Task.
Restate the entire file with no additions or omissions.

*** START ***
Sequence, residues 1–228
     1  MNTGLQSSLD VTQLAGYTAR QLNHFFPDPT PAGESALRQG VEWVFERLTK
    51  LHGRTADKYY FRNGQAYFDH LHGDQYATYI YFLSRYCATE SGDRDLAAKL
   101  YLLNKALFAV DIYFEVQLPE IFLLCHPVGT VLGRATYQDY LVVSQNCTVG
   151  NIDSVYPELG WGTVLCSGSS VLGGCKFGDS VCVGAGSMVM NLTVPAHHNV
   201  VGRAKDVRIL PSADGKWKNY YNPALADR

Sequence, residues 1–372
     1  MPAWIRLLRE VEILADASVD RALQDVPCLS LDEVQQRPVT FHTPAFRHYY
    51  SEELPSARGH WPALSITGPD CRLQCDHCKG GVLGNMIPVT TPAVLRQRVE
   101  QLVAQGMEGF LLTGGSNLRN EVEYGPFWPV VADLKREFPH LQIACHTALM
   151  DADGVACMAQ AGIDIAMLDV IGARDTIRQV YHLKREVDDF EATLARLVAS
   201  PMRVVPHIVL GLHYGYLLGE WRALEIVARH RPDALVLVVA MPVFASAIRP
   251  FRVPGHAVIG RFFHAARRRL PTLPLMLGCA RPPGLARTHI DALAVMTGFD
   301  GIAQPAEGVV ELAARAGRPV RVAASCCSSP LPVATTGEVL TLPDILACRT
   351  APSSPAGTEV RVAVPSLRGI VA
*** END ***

Sequence, residues 1–228
     1  MNTGLQSSLD VTQLAGYTAR QLNHFFPDPT PAGESALRQG VEWVFERLTK
    51  LHGRTADKYY FRNGQAYFDH LHGDQYATYI YFLSRYCATE SGDRDLAAKL
   101  YLLNKALFAV DIYFEVQLPE IFLLCHPVGT VLGRATYQDY LVVSQNCTVG
   151  NIDSVYPELG WGTVLCSGSS VLGGCKFGDS VCVGAGSMVM NLTVPAHHNV
   201  VGRAKDVRIL PSADGKWKNY YNPALADR

Sequence, residues 1–372
     1  MPAWIRLLRE VEILADASVD RALQDVPCLS LDEVQQRPVT FHTPAFRHYY
    51  SEELPSARGH WPALSITGPD CRLQCDHCKG GVLGNMIPVT TPAVLRQRVE
   101  QLVAQGMEGF LLTGGSNLRN EVEYGPFWPV VADLKREFPH LQIACHTALM
   151  DADGVACMAQ AGIDIAMLDV IGARDTIRQV YHLKREVDDF EATLARLVAS
   201  PMRVVPHIVL GLHYGYLLGE WRALEIVARH RPDALVLVVA MPVFASAIRP
   251  FRVPGHAVIG RFFHAARRRL PTLPLMLGCA RPPGLARTHI DALAVMTGFD
   301  GIAQPAEGVV ELAARAGRPV RVAASCCSSP LPVATTGEVL TLPDILACRT
   351  APSSPAGTEV RVAVPSLRGI VA